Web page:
An analysis of coffee markets suggests climate change is already affecting how much we pay for our morning eye-opener.
As temperatures rise and droughts intensify, good coffee will become increasingly difficult to grow and expensive to buy. Studies suggest that by 2050, about half of land used for high-quality coffee will be unproductive.
An analysis of trade information by data analysts OEC shows how coffee production is being affected by climate change – and how our taste for coffee could change as a result.
Coffee is one of the most traded commodities in the world and two species, Arabica (70 per cent) and Robusta (30 per cent) account for virtually all production.
Brazil grows 28 per cent of the world’s Robusta, which is bitter and used for instant coffee and espresso, and 41 per cent of Arabica, which is seen as superior. Robusta, however, is a more hardy crop, grows in hotter temperatures, and may become the bean of choice as the price of Arabica soars.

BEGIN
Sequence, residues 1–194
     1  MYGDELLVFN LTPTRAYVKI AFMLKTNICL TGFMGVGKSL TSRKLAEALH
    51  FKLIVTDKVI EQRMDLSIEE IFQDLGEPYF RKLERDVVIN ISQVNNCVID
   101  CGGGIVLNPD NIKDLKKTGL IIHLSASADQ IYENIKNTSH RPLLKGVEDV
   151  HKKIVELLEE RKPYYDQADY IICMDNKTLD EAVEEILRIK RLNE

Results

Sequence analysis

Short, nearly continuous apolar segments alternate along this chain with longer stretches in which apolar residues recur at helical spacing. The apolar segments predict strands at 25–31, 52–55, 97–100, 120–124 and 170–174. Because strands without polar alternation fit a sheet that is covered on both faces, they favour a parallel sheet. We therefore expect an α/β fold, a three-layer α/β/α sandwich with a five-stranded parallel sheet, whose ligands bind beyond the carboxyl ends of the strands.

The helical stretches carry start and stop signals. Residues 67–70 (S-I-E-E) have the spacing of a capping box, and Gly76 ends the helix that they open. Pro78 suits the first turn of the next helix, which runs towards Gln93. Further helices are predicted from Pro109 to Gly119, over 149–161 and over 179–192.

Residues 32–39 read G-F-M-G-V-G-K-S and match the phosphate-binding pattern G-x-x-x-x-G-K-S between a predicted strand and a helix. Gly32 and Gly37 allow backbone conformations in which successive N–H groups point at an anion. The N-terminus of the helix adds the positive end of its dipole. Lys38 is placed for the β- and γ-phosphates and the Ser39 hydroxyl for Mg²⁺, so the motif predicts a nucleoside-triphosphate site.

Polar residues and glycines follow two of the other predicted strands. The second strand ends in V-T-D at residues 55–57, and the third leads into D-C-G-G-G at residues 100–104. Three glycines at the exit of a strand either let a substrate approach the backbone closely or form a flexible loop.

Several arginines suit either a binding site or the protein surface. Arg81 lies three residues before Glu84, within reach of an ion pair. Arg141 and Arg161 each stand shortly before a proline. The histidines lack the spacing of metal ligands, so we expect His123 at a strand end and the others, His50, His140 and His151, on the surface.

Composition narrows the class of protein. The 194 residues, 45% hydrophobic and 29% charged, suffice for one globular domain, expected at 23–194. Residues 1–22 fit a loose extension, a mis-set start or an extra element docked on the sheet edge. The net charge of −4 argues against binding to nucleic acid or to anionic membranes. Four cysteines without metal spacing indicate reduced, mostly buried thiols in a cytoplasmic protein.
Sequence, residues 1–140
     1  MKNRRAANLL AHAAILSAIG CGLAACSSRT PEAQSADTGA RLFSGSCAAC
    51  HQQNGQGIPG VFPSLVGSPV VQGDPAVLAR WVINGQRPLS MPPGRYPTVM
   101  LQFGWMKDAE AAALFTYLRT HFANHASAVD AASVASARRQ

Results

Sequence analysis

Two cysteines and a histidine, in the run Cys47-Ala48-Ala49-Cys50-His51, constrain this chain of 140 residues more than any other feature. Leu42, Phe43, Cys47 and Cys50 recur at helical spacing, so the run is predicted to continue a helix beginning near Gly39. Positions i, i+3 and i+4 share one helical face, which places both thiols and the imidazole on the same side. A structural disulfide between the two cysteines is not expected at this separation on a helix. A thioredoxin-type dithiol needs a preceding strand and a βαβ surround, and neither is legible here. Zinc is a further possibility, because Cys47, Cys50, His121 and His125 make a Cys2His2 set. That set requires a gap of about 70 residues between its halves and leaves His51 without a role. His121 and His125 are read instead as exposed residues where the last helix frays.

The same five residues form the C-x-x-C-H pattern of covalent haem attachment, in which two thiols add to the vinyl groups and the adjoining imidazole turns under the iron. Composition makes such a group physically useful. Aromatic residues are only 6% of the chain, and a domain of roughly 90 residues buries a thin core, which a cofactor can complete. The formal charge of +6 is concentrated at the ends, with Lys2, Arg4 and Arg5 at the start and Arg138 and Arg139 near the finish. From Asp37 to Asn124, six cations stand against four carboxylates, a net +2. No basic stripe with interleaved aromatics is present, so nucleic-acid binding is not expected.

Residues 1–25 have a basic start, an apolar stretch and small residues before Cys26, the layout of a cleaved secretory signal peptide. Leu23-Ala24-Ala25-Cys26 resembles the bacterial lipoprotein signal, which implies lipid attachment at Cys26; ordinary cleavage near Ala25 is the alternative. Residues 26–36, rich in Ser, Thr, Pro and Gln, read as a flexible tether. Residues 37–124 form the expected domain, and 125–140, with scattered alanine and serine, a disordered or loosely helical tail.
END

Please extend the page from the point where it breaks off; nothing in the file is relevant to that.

According to the US Department of Agriculture database, Brazil’s Arabica production is expected to drop by 30 per cent this year, while Robusta will grow by 5 per cent.
In Brazil, Arabica production is located in the states of Minas Gerais, São Paulo, and Bahia. Robusta is almost exclusively grown in the state of Espírito Santo. During the last six months, only Espírito Santo has grown its coffee exports in Brazil.
The OEC added: “This year, Brazil’s Arabica production will be at the same levels as 2011, when the price of coffee peaked. In 2011, Arabica production in Brazil declined 17 per cent, while Robusta increased 14 per cent.
“In 2011, 30 per cent of total production was Robusta. This year, it will be 40 per cent.”
Coffee companies, such as Starbucks, are investing millions to develop coffee beans that can survive drought and heat while also maintaining the Arabica taste.